I’ve talked about raising a child in Germany and I’ve talked about toilets. Now these two things have combined as I attempt to potty train in Germany. Give me strength.

Our German potty seat PHOTO: Erin Porter

History of Potty Training in Germany

Germany has an interesting history with potty training and – like so many things – it was done differently in the East than in the West.

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Goethe and Schiller in San Francisco


German culture at the “Goldenen Thor”

NOTE: This updated version posted on 28 August 2017 (the day when Goethe was born in 1749) was first published on 20 January 2010.

During a recent visit to San Francisco I got a surprising reminder of how truly widespread and important German culture once was in the United States – before two world wars drastically changed the role it played in America.

My wife and I were standing in a very long line of people, slowly making our way towards the entrance to the California Academy of Sciences building in Golden Gate Park. (And we all already had tickets!) As the line flowed at its glacial pace, I noticed a statue of two figures standing on a stone pedestal. I remarked to my wife that it looked like a German or European statue. As we got closer, the bronze figures seemed even more familiar.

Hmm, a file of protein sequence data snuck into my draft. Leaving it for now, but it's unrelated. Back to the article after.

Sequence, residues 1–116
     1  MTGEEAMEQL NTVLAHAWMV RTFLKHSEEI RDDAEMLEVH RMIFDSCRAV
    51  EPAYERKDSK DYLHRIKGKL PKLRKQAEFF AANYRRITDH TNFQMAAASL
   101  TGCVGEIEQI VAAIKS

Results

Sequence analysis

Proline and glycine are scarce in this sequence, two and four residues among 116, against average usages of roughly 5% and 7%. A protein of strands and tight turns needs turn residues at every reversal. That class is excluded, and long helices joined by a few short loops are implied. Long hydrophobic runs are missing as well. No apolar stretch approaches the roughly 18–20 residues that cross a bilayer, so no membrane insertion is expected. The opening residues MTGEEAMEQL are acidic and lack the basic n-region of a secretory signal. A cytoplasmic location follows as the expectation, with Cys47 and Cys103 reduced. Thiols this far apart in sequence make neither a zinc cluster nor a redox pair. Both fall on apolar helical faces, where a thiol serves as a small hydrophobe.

Once we were standing right in front of the statue, I was amazed to read the inscription on the reddish stone base: “Goethe. Schiller.” As I gazed up at the large bronze figures of Germany’s two greatest poets and philosophers, I realized why they looked so familiar. This statue seemed to be the same one my wife and I had seen a few years earlier in Weimar, Germany. How the heck did it get here? What was the story behind this larger-than-life symbol of German culture standing in Golden Gate Park in San Francisco? Did any of these people in line, besides my wife and me, even know who Johann Wolfgang Goethe and Friedrich Schiller were?

I took out my iPhone and snapped a picture of the statue (see photo below), thinking I would try to solve this mystery later.

Goethe Schiller statue

The Goethe-Schiller memorial statue in San Francisco’s Golden Gate Park (Dec. 2009). PHOTO: Hyde Flippo

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Fitting in at festival time